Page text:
Updated: Feb 11
Most people can say they have affectionate recollections of their childhood and their parents, and I am one of those people. One of those memories that I am so proud of is my Dad’s desire and force for human service work. His fondness for the ‘helping profession’ guided me towards the equivalent line of work. I craved what he had.
Dad was an employee at the Nova Scotia Youth Training Centre, and he was very passionate and dedicated to the children he supported. He spoke of the ‘kids’ often, advocated for them, and always stood up when he felt the need. John Charles McIntyre believed in his obligation to the youth, was straightforward, honest, and real. His intensity for doing good, completing ‘God’s Work,’ and for standing-up was unmistakable in his walk-a-thon from Truro to Cape Breton and back.
I remember the last day of the walk when he returned to Truro proudly. My Dad was a superhero to me on that day in 1979 when he returned to Truro. The town had a parade to welcome him and his comrade walker, Harold Perro, which included bagpipes leading and a crowd along the street.
I distinctly will remember and cherish this memory of the public waiting and clapping when Dad and Harold arrived in Truro. They walked to the Town Hall. I was so proud of him, even though I did not fully understand the purpose – the town loved him for it! We were special that day.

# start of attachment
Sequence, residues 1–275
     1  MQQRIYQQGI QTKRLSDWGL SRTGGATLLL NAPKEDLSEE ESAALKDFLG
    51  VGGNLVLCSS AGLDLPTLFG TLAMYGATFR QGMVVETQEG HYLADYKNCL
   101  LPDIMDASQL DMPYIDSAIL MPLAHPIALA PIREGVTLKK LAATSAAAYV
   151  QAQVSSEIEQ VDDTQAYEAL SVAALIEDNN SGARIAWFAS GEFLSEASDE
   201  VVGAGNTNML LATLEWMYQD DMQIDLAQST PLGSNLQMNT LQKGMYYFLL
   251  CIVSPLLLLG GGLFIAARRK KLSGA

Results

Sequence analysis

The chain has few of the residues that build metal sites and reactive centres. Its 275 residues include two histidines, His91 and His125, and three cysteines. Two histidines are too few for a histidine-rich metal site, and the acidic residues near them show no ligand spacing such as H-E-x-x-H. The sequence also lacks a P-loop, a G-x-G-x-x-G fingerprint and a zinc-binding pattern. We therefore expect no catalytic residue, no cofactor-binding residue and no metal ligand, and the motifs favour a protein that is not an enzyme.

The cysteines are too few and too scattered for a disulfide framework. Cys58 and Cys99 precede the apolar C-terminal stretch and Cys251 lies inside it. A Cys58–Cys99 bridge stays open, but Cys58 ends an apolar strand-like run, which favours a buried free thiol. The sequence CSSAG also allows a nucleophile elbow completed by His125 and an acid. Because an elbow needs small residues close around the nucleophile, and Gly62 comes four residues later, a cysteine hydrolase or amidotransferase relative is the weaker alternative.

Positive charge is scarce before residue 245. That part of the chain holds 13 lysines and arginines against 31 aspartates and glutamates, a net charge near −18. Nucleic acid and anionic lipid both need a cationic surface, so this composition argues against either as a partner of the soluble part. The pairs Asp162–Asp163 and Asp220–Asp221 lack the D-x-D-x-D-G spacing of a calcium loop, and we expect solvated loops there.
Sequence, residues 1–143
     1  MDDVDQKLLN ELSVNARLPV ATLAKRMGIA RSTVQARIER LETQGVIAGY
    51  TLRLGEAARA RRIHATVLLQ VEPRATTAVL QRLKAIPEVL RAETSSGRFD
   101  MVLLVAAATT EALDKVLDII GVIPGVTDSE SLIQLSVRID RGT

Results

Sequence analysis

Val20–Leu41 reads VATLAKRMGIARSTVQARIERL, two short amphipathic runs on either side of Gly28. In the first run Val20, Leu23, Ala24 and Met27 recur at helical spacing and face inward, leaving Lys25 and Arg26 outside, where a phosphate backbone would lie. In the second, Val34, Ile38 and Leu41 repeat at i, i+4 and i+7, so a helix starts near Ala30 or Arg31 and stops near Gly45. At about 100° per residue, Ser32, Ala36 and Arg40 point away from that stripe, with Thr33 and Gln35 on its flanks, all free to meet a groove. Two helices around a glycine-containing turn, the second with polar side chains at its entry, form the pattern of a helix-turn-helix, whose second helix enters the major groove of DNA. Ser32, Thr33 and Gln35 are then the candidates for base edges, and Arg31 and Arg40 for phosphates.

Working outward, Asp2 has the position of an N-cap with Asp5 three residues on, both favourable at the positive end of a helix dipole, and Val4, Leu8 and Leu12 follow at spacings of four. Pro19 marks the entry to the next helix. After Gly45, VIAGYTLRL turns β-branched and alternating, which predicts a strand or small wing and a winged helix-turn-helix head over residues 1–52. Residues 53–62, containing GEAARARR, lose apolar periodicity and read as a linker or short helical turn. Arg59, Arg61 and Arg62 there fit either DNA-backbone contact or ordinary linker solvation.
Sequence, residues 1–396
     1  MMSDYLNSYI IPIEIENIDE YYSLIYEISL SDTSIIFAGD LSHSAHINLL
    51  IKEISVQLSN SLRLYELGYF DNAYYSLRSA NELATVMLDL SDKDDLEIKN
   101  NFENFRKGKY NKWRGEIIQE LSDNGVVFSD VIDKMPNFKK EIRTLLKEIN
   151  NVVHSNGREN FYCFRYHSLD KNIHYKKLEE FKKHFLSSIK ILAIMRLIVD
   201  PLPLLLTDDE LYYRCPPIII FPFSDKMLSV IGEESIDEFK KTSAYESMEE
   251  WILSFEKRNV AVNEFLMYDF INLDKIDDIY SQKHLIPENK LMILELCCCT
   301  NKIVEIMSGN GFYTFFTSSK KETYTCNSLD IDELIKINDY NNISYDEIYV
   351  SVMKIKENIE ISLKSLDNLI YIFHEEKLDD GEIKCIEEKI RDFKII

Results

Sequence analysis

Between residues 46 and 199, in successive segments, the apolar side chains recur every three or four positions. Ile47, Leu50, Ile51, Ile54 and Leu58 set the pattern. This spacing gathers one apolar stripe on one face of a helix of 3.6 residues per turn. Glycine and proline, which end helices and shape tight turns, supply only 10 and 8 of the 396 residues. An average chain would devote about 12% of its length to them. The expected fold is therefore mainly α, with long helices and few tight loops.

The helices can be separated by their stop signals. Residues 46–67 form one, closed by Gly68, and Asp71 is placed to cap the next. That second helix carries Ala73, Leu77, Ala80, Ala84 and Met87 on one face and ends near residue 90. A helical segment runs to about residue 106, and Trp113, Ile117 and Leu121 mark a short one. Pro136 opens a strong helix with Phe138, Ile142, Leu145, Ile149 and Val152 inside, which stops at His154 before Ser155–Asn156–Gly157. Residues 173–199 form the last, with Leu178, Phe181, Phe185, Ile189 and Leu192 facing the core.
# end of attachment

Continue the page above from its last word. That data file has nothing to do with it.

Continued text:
Our family went into the town hall, where town representatives shook Dad’s hand and encouraged the walkers to sit at the front with the mayor. I remember my youngest brother running around and finally made his way to my Dad’s lap upfront. Oh, what a picture.
As my Dad fades away from this bloody cancer, I encourage the town of Truro to remember my Dad’s human service contributions. From his service to the children and youth at the Nova Scotia Youth Training Centre for 30 years to his Walk-a-thon to bring awareness for the Canadian Paraplegic Association and the Nova Scotia Heart Foundation and for Dad’s most beloved work of almost forty years as a member of an anonymous program. He gave of himself wholeheartedly to each member who crossed his path. That character is a rare find.
I encourage anyone who knows Dad, John C. McIntyre, as a way to recognize his service to share a few words under this post. We will read the comments to him.